Crafty Creations

Crafty Creations An Edmonton artist finds his zen in kirigami by Sydnee Bryant Photograph supplied by the paint spot A piece of cardstock paper is usually not that exciting. But in the hands of Edmonton artist Benjamin Perry, ordinary paper transforms into something much more magical. Using kirigami – the…

Crafty Creations

An Edmonton artist finds his zen in kirigami

Photograph supplied by the paint spot

A piece of cardstock paper is usually not that exciting. But in the hands of Edmonton artist Benjamin Perry, ordinary paper transforms into something much more magical. Using kirigami – the art of cutting and folding paper into three-dimensional shapes – Perry builds everything from elephants to renderings of Medusa. But his most high-profile work is the boar head he created on commission for display in Three Boars Eatery. The restaurant’s chef, Brayden Kozak, who previously worked at the Sugarbowl with Perry, appeared on the March cover of Avenue holding the elaborate animal head.

Perry, 32, began producing animals and mythical creatures in 2009, after a back injury caused him to take time off from his job as a chef. His boredom triggered a new, self-taught hobby – kirigami, which is similar to the Japanese art of origami, except the artist folds and cuts the paper. His first creation, a giant unicorn head, led to a show at the Sugarbowl later that year, featuring about five paper figures.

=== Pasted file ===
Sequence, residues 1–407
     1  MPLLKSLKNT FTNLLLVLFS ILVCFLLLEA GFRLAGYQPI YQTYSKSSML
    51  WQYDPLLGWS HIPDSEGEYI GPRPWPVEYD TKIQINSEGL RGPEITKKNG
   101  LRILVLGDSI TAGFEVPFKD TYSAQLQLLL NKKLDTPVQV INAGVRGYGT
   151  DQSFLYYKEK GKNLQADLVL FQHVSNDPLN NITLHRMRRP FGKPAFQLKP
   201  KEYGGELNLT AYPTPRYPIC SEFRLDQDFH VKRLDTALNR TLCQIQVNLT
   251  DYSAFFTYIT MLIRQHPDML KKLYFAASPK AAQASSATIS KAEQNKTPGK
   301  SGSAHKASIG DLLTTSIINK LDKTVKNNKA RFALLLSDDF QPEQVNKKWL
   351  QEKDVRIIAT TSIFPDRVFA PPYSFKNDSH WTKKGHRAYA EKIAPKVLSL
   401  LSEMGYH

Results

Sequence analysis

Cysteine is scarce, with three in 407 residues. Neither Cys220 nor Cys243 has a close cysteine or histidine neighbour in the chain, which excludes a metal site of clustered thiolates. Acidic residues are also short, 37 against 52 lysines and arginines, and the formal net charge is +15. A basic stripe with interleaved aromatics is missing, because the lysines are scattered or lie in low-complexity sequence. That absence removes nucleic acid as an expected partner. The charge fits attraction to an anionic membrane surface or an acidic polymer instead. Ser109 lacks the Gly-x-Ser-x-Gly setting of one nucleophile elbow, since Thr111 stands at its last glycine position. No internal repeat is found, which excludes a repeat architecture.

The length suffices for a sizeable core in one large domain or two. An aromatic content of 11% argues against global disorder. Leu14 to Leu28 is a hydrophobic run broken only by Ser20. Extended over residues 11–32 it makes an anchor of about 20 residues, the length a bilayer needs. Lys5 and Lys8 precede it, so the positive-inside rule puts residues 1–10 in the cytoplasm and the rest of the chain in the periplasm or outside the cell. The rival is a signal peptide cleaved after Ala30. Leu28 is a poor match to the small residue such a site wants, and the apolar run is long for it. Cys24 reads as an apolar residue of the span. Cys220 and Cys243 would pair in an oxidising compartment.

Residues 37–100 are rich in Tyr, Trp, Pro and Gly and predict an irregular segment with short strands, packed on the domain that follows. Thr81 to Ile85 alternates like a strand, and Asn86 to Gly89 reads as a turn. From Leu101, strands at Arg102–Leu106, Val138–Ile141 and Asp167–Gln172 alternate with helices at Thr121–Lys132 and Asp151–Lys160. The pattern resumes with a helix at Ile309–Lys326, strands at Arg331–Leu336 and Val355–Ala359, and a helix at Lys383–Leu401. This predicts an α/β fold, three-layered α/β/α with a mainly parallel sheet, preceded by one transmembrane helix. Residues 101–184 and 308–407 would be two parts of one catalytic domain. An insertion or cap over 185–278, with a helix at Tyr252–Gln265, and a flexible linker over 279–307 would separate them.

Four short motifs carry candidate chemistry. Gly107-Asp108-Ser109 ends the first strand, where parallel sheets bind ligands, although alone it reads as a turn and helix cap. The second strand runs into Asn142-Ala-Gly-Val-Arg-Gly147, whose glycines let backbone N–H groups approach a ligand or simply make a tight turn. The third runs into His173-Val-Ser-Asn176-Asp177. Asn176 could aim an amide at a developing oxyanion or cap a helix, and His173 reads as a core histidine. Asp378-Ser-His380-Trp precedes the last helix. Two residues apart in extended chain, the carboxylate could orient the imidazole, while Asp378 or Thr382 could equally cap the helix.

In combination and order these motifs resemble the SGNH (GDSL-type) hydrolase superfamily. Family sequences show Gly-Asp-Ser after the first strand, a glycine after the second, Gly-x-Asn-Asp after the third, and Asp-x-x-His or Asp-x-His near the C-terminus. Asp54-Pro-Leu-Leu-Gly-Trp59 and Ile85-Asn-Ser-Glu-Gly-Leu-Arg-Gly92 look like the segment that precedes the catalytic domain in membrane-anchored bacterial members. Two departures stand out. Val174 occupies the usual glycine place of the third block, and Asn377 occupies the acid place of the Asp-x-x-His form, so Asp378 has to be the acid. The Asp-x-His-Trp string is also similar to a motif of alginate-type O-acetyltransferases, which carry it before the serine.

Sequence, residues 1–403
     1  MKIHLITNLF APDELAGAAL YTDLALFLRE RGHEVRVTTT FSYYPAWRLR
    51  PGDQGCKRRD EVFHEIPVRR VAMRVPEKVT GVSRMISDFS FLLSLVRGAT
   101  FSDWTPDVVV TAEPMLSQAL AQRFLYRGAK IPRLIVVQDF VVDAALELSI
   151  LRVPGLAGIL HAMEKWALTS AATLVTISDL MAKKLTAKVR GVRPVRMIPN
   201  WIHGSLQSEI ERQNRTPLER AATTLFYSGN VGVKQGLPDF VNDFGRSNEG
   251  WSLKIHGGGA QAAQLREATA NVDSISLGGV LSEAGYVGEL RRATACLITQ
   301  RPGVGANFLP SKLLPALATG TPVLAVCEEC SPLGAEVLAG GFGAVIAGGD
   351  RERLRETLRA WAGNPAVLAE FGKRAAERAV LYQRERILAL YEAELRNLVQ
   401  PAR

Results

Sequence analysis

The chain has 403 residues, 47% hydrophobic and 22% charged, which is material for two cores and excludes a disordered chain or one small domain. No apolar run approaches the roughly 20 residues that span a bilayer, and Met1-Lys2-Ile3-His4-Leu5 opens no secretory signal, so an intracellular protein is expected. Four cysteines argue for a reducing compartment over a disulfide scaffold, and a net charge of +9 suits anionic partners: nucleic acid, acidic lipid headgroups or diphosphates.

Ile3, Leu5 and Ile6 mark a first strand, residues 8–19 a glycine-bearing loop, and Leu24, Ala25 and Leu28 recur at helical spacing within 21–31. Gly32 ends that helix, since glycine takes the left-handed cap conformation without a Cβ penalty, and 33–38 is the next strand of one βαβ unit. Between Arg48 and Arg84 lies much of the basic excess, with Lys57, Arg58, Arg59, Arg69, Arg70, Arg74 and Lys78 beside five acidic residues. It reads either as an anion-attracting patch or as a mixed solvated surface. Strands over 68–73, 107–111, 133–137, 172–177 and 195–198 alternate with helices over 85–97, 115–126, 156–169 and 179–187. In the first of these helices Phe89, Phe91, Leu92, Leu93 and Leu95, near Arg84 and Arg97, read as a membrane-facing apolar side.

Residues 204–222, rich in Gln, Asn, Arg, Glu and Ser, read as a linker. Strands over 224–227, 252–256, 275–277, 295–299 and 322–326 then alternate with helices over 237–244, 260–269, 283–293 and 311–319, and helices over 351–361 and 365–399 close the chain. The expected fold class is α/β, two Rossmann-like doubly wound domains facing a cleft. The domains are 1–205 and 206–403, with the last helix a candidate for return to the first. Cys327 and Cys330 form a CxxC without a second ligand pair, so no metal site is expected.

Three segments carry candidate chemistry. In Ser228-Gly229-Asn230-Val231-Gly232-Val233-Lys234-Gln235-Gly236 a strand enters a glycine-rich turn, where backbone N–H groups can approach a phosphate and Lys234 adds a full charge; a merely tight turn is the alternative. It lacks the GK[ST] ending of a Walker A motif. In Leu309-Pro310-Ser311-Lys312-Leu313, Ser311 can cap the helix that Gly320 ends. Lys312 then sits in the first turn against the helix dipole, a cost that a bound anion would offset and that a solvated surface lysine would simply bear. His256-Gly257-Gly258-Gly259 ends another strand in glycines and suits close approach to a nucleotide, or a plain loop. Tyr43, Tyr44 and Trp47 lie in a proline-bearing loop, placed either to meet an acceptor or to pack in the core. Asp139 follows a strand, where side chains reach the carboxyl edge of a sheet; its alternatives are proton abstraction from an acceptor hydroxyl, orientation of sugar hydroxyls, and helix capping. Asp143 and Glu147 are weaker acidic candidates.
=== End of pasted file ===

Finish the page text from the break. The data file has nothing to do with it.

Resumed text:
Now, Perry builds figures of varying sizes using just heavy, rigid cardstock, an X-Acto knife and white glue. Larger, more intricate designs, such as the Medusa – which includes 21 snakes – take weeks to build, but he finishes smaller pieces, such as video-game figures or a pig’s head, in about three to six hours. Perry’s paper artwork also varies greatly in price, depending on the size and detailing – the Medusa, which is currently mounted at The Paint Spot store in south Edmonton, retails for $700.

Perry, who teaches workshops on street-art graffiti and illustration at The Paint Spot and special events, became interested in commercial art when his mother married a tattoo artist. As a teenager, Perry apprenticed with his stepfather and worked as a tattoo artist for nine years before turning his full attention to other art forms. 

“I find it very Zen. It’s a really nice way to relax and not overthink. It’s a nice escape.” 

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